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EDITORIAL article

Front. Cell Dev. Biol., 20 January 2022
Sec. Stem Cell Research
Volume 10 - 2022 | https://doi.org/10.3389/fcell.2022.840771

Editorial: Stem Cells in Oral Cavity: From Development to Regeneration

  • 1Department of Physiology, Tokyo Dental College, Tokyo, Japan
  • 2Department of Clinical Sciences and Stomatology, Polytechnic University of Marche, Ancona, Italy
  • 3Brodie Tooth Development Genetics and Regenerative Medicine Research Laboratory, College of Dentistry, University of Illinois at Chicago, Chicago, IL, United States
  • 4Department of Periodontal Medicine, Graduate School of Biomedical and Health Sciences, Hiroshima University, Hiroshima, Japan

Craniofacial stem/progenitor cells are central research topics in the dental field (Yu et al., 2021; Fan et al.). A tool for tissue engineering and regenerative therapy has received medical and scientific attention. Several studies confirmed that intraoral mesenchymal stem/stromal cells (MSCs) derived from craniofacial neural crest cells (NCCs) are useful cell sources. The application of such oral tissue stem cells appears promising for the regeneration of periodontal tissue, alveolar bone, and mucosal structures lost due to congenital abnormalities, trauma, and infections (Li et al.; Cui et al.). Cranial NCCs populate the future facial region and produce ectomesenchyme-derived tissues, such as cartilage, bone, dermis, smooth muscle, adipocytes, and so on.

Kaucka et al. (2016) reported a great degree of similarity in clonal dynamics between neural crest–and paraxial mesoderm–derived mesenchyme in the face and branchial arches. Their results support a profound similarity between vertebrate face and limb development and a deep homology between these seemingly unrelated structures.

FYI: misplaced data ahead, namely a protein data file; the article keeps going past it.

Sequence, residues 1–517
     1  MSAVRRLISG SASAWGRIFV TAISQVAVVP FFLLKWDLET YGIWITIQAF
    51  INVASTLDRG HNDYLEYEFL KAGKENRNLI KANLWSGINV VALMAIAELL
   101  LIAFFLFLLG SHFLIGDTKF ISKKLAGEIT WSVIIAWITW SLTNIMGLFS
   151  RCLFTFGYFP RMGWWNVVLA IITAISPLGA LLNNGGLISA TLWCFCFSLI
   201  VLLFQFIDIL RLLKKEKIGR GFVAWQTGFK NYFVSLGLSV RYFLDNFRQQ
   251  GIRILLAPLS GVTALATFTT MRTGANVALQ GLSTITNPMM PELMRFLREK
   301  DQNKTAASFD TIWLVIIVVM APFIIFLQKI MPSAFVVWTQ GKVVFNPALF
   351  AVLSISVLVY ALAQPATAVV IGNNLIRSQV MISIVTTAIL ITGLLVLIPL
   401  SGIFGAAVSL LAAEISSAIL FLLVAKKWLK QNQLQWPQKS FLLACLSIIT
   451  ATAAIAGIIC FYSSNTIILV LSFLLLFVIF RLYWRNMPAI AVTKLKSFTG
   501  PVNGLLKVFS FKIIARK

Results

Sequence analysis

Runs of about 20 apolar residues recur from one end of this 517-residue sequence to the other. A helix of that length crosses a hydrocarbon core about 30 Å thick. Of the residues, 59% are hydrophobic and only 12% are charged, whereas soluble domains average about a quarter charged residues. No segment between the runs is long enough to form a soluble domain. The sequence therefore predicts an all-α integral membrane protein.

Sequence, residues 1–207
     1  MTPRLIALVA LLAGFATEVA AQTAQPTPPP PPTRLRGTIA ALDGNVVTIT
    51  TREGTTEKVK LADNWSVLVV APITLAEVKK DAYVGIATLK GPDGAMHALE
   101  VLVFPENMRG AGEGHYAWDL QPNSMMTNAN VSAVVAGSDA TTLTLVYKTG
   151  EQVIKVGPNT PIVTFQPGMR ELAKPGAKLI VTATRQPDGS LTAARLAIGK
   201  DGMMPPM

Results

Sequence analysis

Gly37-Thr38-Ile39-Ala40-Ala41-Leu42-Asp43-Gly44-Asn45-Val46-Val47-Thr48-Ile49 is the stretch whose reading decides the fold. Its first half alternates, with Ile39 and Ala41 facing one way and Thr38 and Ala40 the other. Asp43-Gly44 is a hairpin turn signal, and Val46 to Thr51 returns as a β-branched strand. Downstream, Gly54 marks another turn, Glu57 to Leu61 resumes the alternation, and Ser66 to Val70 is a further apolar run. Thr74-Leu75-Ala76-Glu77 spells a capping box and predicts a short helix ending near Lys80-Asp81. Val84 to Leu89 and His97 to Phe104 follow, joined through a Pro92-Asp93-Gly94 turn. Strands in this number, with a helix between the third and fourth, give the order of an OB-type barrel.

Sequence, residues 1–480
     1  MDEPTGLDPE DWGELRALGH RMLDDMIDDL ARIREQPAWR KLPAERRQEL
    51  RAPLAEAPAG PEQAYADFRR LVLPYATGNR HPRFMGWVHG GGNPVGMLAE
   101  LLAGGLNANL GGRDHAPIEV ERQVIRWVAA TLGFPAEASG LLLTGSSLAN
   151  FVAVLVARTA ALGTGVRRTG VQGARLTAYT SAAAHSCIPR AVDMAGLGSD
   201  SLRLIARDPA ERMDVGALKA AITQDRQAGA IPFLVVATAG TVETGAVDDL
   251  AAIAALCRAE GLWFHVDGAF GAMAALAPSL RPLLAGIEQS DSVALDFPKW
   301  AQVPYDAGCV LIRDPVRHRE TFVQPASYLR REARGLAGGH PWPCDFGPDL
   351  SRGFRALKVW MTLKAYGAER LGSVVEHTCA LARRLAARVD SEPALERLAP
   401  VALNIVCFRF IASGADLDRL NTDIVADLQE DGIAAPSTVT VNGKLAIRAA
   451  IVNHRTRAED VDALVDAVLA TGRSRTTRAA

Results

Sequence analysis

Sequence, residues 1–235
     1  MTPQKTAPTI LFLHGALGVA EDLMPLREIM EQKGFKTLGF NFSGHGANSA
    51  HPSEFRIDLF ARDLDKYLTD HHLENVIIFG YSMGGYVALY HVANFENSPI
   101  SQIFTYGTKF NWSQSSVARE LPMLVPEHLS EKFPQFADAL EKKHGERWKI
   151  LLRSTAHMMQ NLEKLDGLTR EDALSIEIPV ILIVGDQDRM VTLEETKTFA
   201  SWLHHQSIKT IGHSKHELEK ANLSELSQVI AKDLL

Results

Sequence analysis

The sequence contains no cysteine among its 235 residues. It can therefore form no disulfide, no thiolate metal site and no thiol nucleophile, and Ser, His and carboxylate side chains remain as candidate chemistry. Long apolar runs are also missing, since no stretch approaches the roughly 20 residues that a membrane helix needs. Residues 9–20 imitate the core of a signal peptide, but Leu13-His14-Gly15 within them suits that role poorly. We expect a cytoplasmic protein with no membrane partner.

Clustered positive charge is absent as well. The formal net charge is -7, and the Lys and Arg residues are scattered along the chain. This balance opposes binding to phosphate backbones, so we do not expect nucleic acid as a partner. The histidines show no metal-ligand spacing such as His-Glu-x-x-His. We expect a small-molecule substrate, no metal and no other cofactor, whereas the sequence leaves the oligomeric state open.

In the long bone, which is a typical model of skeletal stem cells (SSCs), SSCs are generally defined as self-renewing cells with the trilineage potential to differentiate into osteoblast, chondrocyte, osteoblasts, and marrow stromal cells or adipocytes. Markers for skeletal progenitor cell populations identified in postnatal growing bones are expressed by growth plate chondrocytes and undifferentiated marrow stromal cells, particularly those located immediately below the growth plate. So far, many markers are reported for SSCs, including chondrocyte-specific genes (Mizoguchi and Ono, 2021). On the other hand, in the craniofacial region, Longaker’s group reported that mechanoresponsive stem cells acquire neural crest fate in jaw regeneration by using lineage tracing of NCC/chondrocyte responsible gene, Sox9 (Ransom et al., 2018). Authors developed a dissectible model of mandibular distraction osteogenesis and used this model to show that newly formed bone is clonally derived from skeleton resident stem cells. Cell lineage tracing to clarify determination fates and non-biased single cell RNA sequence (scRNA-seq) is a strong tool in cellular and developmental biology (Matsushita et al., 2020). In calvaria, Farmer et al. used scRNA-seq to reveal cell diversity within mouse coronal sutures. The authors generated a single-cell transcriptome and performed extensive expression validation. They found preosteoblast features between the bone front and the periosteum, ligament-like populations on sutures that persist into adulthood, and chondrogenic-like populations in the dura mater under sutures (Farmer et al., 2021). Holmes reported that Hhip, an inhibitor of hedgehog signaling, is required for normal coronal suture development (Holmes et al., 2021). These reports strongly support the importance of our deeper understanding of single cell level transcriptomics which in turn are influenced by microenvironment and signaling pathway.